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If you’ve recently moved into a new place, or you’re always on the hunt for a good deal, or you simply love finding high-quality or quirky items for less, chances are you spend a good amount of time at the thrift store. Buying secondhand is better for the environment than buying new, and offers a good opportunity to make your home uniquely yours — but there may be something important that you’re forgetting to do when you get home with your goodies.
If you’re purchasing vintage or used ceramics, it may be a good idea to do a lead test. I recently purchased a set of mugs and saucers that look like they could have come out of a ’90s diner — I was in love with them and they were just $3 a set! When I got home, I purchased the Pro-Lab Instant Surface Lead Test.
The kit comes with two strips and an eye dropper. To use it, I took the eyedropper, placed about four drops of water onto a strip, and rubbed the strip over the surface of the cup for two minutes. For ceramics, it’s a good idea to rub the strip anywhere food or water will be held, including the inside of a cup or plate and the rim of a drinking vessel. (The kit suggests rubbing over any cracks, but if your ceramic piece has a crack, it will not be food-safe anyway, as bacteria can live inside of the crack.) The test will start out as an orange color, and if lead is present it will turn pink, purple, or red. The process was pretty simple, and thankfully, my cups and saucers came back with no detectable lead.
So, what do you do if you’ve purchased a funky antique mug and the test comes back indicating there’s lead on it, which is poisonous when ingested?
“If I loved a drinking glass that had lead in it, I might repurpose it as a vase,” says Annabel Taylor, a real estate agent with Sotheby’s International Realty who purchases most of her household items secondhand.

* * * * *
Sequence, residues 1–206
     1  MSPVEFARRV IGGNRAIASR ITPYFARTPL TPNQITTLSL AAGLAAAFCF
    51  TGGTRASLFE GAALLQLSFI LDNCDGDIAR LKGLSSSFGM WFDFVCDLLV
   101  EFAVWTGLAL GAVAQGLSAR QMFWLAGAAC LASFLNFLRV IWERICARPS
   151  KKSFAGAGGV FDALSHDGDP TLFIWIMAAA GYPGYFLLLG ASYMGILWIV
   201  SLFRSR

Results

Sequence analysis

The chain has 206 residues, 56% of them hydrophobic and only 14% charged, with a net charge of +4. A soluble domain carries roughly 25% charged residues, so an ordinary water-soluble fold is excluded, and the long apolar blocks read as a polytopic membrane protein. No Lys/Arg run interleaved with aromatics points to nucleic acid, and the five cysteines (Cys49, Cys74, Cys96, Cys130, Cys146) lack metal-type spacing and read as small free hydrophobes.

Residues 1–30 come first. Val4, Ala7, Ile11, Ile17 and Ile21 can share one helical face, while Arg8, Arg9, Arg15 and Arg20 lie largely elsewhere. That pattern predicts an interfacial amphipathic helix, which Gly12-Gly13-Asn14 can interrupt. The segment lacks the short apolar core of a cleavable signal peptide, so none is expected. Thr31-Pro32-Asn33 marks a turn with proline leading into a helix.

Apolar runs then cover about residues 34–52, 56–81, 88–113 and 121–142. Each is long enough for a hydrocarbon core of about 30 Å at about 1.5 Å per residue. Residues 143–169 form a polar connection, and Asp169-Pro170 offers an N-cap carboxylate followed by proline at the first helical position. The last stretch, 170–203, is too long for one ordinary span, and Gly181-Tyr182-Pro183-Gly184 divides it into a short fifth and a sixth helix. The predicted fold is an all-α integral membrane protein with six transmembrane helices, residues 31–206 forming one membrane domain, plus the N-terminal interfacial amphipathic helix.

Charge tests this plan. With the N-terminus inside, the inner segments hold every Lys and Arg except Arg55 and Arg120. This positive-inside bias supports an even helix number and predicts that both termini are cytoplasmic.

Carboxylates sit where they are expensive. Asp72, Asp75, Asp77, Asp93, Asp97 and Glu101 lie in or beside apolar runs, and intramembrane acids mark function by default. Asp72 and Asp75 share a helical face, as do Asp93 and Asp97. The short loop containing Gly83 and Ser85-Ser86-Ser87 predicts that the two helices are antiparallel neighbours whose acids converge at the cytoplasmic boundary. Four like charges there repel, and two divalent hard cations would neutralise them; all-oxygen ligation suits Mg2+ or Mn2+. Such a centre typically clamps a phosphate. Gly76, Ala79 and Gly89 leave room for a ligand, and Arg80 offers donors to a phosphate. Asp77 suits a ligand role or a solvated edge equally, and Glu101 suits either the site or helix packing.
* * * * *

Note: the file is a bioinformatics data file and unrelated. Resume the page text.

Before you go reevaluating every ceramic piece in your home and buying all of the lead tests available, keep in mind that you’ll really only need to do this test for pieces that you use for food and drinking. And some pieces pose more of a risk than others.
Earthenware pieces are the biggest culprit for containing lead, according to the pros. Earthenware ceramics are low-fired, which means that the clay does not become vitrified (it is not able to hold water). Terracotta pots in the garden are earthenware, for example.
Furthermore, the glaze on the piece is typically the issue — not the clay itself. After all, the clay cannot hold water; it’s the glaze that makes it possible. “The ones that might have lead are most likely going to be pieces with glazes that have reds, oranges, yellows, and greens,” Piece says. “And thrifters should be aware of pieces with decals and luster.”
Next time you go thrifting and find a ceramic piece that you fell in love with, you don’t have to be afraid to purchase it. Consider buying a lead test in the event that you want to use it for holding food or drinkable water — and if it does contain lead, you can still get creative in finding a way for that piece to bring joy to your home in another use.